Assembly of the state of
the year nineteen hundred
bsve covenanted and agreed,
p s covenant an agree
as well as an such
or become associated
a corporation for the
and under the articles
Sellowlng, to-wit :
titlet of this coroporate
have Its domicile in the
Orleans, ad t shll have
Its corporate ~m,
t-lne years from sf
_no unless sooner dis
er set forth. It shall
as soon as ten thousand
) full paid steok is
have, hold, purchase, sell,
se or mortgage preperty
m se sb d he e
a sal with eh hnserlp ,
.seay be selected by tJhe heard
or in the event oa his
Sheance or iabit to set
the tresrer Irs er de
sslt proems sai be sereLd
eepos s r . me l
corporatlon Is ortganised and the nature of
the lulness to be carried on by It are here
by declared W be: To acquire by pro ase t
or otherwise, to own, to old to by, to
sell. to coty, to lease, to mortgae, or to
r eea a tte or other property, per
asalor miled; tos ad saltl, In
le and retail lanttles, win. whiskey
beer or any and all kiIds o.f alcholc vino
or miat liquorm; and partilarly to qire
and take over all the assets of every kind
and character whatsoever. Including the h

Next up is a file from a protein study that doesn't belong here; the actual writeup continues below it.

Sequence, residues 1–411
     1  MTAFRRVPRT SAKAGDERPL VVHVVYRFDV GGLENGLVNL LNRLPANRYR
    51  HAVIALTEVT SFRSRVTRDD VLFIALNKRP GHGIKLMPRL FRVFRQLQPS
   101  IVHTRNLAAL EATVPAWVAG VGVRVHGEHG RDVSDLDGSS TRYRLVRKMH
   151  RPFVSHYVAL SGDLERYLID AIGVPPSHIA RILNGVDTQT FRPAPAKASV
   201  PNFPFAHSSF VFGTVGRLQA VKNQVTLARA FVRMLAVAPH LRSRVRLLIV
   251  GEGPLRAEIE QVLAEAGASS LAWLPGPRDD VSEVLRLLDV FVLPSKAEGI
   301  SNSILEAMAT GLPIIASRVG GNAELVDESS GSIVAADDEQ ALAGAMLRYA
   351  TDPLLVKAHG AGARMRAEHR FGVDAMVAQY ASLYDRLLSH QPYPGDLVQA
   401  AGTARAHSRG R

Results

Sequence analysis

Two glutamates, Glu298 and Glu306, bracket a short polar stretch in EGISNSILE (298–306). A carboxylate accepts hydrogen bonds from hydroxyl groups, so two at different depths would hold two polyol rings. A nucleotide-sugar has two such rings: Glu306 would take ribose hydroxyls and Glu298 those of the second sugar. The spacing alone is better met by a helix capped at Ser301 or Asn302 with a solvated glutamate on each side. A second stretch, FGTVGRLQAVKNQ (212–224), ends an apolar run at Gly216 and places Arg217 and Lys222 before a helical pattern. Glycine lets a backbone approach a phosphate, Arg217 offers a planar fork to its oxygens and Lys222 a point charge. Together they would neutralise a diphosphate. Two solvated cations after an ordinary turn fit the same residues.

lod-nwl o h th eemmerial partnership
n as aad lockt , r say other
conern enagd In similar biness and t
any sad an thig Incidset to the be
mes of wholesrale and retail liquor dealers
To represent as agnt, or otherwise. -
lar coarpyonws, partnerehlips or lndlvidu- -
herl boad in tet ob and .- a,
authorised to carry on busines In the state
of Loulsa sad elsewhere.
The capItal stock of tbhis Corporation Is r
hereby declared to be the sm of one hun-I
dyed thousand dollars ($100,000.00), divid
ed Into one tbousand shares of one hundredt
dollars ($100.00) each, which shall be paid
for In ash, propery or services. All stock
shall he tr efrredl on the k the
aompany by the stockholder o his duly an
thorred agent and attorney-I-act.
AmRIC C v IV.
The busIness of this cororatioa shall be
managed and conducted by a board of direc- a
tor omo ed o three (3) stockholders, to a
be eloted at a meeting of stockholder t
be held on son as tea thousand dollars
($10,000.00) of atock has been snbscribed I
and paid for. da beard of directors shall .
at one elect a president and a treasurer,
from their own number.
The board o tdrector and ecess as
elected shadll eldo their oess until the frt
Monday In January, 1012, or until their smu